INSPIRING FUTURES

Speeding behaviour and collision involvement in Scottish car drivers.

Stradling, Stephen G, Carreno, Michael, Ferguson, Neil and Rye, Tom (2005) Speeding behaviour and collision involvement in Scottish car drivers. In: Contemporary Issues in Road User Behavior and Traffic Safety. Nova Science Publishers, New York, pp. 113-123. ISBN 1-59454-268-6

[img] Microsoft Word
Available under License Creative Commons Attribution Non-commercial.

Download (106kB)

    Abstract/Description

    This chapter combines data sets from two recent studies of Scottish drivers, one conducted for the Scottish Executive and one for the Strathclyde Safety Camera Partnership. Both surveys involved in-home interviews with quota samples of drivers. Full details of sampling strategy and sample demographics are given in Stradling et al. (2003) and Campbell and Stradling (2003). Data from 1088 drivers from the first survey and 1101 from the second, who held a current driving license, had driven within the previous year and who cited ‘car’ as their main vehicle when driving are combined here to give a picture of the current speeding behaviors and collision involvement of Scottish car drivers. The chapter concludes with a suggestion for the remediation of speeding behaviors.

    Item Type: Book Section
    ISBN: 1-59454-268-6
    Additional Information: This volume describes the growing body of research on driver behavior and traffic safety, including the nature, measurement and treatment of roadway aggression, types of traffic violations in diverse parts of the world, the pervasive concern with the alcohol and driving, attempts to modify problematic driver behaviors, engineering and human factors concerns such as cell phone operation by drivers, the use of vehicle “black box” recorders, and the safety of airbags. We also present some examples of theoretical models and their usefulness in stimulating research and providing an overall explanatory model for a diverse range of driving behaviors. The chapters in this book explore many of these issues with driver behaviors being investigated by psychologists, sociologists, engineers and others.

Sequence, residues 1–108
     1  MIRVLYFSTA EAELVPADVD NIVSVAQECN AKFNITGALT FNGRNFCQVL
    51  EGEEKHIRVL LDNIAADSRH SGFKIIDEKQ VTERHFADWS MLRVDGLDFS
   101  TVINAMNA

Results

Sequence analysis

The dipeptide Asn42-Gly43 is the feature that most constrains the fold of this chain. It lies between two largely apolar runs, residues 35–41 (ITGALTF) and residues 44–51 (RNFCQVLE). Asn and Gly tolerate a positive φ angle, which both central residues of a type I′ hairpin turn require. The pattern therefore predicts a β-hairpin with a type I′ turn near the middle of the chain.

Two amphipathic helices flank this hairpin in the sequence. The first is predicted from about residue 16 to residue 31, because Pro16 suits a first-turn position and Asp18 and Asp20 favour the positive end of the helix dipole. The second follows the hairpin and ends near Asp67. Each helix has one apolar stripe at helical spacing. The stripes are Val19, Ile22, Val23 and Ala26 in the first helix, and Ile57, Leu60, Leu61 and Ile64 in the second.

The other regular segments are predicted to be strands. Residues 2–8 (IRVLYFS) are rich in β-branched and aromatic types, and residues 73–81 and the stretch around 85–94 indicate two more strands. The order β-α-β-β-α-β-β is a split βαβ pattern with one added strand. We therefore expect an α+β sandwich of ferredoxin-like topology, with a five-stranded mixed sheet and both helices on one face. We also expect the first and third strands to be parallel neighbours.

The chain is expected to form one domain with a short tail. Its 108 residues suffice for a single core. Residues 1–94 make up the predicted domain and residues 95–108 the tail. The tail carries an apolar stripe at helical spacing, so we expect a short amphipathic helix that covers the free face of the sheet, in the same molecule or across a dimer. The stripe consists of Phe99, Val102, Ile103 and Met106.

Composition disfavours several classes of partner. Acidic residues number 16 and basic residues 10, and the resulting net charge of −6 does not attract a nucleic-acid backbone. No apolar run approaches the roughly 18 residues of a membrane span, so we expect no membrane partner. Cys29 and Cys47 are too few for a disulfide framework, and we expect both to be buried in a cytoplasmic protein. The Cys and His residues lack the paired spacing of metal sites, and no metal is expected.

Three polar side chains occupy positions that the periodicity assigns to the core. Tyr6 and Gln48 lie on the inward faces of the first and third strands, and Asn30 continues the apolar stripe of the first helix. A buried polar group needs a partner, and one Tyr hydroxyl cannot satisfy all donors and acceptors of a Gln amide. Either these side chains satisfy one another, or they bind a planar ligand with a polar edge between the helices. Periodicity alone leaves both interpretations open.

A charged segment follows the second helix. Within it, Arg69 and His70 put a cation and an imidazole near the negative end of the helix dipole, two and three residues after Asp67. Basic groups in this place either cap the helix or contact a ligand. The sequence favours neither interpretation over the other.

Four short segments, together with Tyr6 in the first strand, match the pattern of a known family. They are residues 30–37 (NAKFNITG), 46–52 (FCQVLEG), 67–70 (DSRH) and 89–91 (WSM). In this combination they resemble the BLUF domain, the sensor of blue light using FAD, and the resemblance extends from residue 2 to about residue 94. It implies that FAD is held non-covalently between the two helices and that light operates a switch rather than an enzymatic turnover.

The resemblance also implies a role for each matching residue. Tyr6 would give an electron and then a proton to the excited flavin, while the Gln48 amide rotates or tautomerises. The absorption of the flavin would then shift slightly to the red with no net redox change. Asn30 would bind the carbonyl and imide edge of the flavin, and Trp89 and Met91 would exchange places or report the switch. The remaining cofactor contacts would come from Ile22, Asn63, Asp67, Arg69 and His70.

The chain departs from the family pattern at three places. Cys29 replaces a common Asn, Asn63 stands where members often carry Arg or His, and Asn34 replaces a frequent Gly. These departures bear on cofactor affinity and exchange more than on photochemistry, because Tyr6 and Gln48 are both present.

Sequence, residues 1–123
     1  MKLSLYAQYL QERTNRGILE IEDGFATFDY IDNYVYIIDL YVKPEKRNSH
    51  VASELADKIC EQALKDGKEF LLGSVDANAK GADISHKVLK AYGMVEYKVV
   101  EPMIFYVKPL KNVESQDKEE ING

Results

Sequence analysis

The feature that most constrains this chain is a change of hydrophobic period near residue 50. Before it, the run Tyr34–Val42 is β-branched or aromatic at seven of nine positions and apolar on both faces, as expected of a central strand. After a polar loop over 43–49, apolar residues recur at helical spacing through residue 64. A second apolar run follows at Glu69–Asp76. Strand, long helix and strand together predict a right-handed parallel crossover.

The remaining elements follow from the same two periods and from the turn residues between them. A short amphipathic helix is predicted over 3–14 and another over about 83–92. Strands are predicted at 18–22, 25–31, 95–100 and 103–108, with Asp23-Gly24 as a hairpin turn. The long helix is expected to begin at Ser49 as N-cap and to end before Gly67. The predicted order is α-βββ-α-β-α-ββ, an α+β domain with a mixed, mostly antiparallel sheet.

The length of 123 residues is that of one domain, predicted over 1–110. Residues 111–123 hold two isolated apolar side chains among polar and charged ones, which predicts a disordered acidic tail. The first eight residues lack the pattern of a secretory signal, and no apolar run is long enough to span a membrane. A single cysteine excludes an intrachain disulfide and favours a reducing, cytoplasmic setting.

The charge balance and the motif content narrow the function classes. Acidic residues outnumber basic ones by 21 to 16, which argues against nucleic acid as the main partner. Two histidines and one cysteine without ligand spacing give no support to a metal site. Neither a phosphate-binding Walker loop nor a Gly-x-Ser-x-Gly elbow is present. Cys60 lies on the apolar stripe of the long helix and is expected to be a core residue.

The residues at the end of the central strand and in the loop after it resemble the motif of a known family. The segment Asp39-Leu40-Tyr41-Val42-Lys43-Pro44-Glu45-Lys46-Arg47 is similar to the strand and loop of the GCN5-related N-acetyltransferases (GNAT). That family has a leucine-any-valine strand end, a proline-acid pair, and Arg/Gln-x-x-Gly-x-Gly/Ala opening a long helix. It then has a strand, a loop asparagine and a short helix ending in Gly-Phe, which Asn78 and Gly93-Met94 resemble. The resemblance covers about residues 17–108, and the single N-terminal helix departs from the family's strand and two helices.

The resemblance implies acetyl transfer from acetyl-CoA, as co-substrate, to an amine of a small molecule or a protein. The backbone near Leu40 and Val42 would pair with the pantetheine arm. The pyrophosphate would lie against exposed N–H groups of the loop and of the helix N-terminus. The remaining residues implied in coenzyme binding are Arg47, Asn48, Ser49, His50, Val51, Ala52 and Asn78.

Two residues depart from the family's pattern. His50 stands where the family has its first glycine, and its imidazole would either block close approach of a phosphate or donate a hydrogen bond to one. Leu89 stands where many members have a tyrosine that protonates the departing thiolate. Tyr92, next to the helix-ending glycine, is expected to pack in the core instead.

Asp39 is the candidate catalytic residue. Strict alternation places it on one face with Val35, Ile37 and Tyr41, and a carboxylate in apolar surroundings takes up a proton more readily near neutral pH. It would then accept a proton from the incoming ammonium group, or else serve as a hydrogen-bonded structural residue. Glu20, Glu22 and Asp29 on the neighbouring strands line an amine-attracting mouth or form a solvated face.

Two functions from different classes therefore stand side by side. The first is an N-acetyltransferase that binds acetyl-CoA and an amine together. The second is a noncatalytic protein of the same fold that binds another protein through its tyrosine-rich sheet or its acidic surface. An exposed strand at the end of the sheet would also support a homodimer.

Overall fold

Uncontrolled Keywords: driver behavior; speed; collision; road traffic accident; Scottish; traffic safety; aggression; violoations;
    University Divisions/Research Centres: Edinburgh Napier University, Transport Research Institute
    Dewey Decimal Subjects: 300 Social sciences > 380 Commerce, communications & transportation > 388 Transportation; ground transportation
    Library of Congress Subjects: H Social Sciences > HE Transportation and Communications
    Item ID: 1927
    Depositing User: RAE Import
    Date Deposited: 20 Jun 2008 11:13
    Last Modified: 24 Apr 2012 11:25
    URI: http://researchrepository.napier.ac.uk/id/eprint/1927

    Actions (login required)

    View Item

    Document Downloads

    More statistics for this item...

    Edinburgh Napier University is a registered Scottish charity. Registration number SC018373